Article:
Tuesday, May 8, 2007

A portrait for conservation: Tiger Mosaic

(Note from the Author: Apologies, once again blogger refuses to publish pictures.)
The tiger is the planet's largest feline. Individuals can weigh anywhere from 400 to 700+ pounds, depending on age, gender, and subspecies. Their distinctive striped coat pattern is as unique to an individual cat as a humans fingerprint. One of the most revered and reviled of predatory creatures in the world, it is no wonder that they are coveted by lover and loather alike.
Although tigers are listed as "Endangered" and bans on the sale of tiger skins and parts have been in place for years the biggest threat to the world's dwindling populations of Sumatran, Siberian, Bengal, Malayan, Indochinese, and South China tigers (the most critically endangered subspecies) is still poaching. Several subspecies of tiger have already been hunted to extinction.
Fortunately for tigers, they breed well in captivity. In fact, they breed so well in captivity that there are more CAPTIVE tigers than wild tigers. Unfortunately for tigers this has caused a problem...In china tigers are bred on 'tiger farms' as a sort of tourist attraction, but with the hope that someday the government will lift the ban on tiger trade and allow them to sell parts from captive tigers. At first glance this might not seem a bad idea. After all, the alligator shoe and belt trade helped save the American Alligator through captive breeding on alligator farms. Other fur and leather bearing animals are bred on farms, helping to preserve their wild populations. The problem is that the tiger's habitat has become so constricted in some places and it's population so fragile that it cannot at this point sustain itself without human intervention. And ANY lift of the ban on tiger trade would create an opening for poachers to sneak illegal tiger parts and pelts into the market. Poaching would increase, and the delicate balance of nature would be lost.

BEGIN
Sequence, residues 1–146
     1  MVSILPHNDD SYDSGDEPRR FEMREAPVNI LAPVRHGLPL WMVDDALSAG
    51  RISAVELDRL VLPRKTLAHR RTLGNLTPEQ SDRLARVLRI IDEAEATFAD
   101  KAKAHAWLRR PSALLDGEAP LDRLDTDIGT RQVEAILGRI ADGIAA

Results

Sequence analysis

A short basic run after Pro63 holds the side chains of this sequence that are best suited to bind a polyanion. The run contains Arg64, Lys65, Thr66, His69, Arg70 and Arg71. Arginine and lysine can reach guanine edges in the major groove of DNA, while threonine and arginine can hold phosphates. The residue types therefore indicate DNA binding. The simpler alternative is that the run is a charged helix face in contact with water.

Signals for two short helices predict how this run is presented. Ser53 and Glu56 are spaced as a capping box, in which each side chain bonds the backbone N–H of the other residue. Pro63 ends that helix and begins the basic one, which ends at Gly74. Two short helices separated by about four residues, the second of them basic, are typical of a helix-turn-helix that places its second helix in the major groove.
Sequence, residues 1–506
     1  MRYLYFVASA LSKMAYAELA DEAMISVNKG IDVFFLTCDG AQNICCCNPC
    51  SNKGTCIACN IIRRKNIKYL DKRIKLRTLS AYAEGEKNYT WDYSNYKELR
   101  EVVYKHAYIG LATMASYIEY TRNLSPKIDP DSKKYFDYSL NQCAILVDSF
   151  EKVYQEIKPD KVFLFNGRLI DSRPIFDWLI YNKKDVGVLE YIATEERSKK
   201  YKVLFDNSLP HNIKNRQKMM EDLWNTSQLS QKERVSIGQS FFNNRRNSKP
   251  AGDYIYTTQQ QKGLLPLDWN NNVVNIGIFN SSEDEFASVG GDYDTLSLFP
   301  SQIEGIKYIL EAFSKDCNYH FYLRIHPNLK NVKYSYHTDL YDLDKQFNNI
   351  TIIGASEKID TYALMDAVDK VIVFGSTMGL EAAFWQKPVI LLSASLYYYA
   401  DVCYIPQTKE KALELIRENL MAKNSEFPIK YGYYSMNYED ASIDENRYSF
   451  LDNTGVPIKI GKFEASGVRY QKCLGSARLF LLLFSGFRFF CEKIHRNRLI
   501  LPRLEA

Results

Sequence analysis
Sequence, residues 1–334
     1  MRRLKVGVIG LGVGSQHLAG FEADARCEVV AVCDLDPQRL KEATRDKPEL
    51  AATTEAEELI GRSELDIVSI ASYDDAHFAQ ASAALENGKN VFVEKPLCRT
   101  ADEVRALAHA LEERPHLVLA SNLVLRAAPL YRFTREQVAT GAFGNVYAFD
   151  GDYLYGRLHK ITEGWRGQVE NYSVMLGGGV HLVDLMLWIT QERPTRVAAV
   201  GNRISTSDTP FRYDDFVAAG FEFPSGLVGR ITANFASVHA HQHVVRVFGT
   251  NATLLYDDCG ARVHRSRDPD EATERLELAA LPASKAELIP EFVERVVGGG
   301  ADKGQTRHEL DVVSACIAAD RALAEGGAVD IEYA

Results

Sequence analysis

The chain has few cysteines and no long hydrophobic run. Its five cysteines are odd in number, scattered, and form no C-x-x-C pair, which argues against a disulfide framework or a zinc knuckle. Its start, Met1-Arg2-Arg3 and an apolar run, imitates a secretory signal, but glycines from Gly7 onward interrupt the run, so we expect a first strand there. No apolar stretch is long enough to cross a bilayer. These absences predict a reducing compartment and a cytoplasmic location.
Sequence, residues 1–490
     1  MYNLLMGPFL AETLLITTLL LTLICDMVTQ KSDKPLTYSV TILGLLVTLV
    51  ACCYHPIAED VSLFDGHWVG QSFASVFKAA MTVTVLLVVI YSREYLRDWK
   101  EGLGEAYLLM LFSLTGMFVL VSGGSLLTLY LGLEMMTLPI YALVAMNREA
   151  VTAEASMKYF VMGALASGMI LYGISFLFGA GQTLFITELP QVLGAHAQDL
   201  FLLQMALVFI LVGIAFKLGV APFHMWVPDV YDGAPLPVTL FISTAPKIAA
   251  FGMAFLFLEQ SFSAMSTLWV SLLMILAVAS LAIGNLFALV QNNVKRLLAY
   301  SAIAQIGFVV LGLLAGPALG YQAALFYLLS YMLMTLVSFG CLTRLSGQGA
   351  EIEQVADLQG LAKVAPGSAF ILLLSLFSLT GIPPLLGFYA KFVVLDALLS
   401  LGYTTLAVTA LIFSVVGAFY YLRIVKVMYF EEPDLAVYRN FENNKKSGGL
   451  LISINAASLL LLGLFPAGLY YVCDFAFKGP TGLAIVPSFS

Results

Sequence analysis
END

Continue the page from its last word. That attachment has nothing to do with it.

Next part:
The World Wildlife Fund has come up with a wonderful and unique way for us to tell China that we oppose any lift of the ban on tiger trade. By uploading your photo to their website you can be included in the world's largest tiger photo mosaic, to be presented at the Convention on International Trade in Endangered Species. They can even show you exactly where you are in the tiger! The deadline for uploading photos is May 21 so that the mosaic can be presented at the convention in June.
Last year the Dalai Lama preached against using, selling or buying wild animals, their pelts or derivatives. Thousands of Tibetans responded by burning, tearing, or throwing away tiger and leopard hides used as rugs and decorations. Only time will tell if this sentiment will spread. Will you help?

No comments: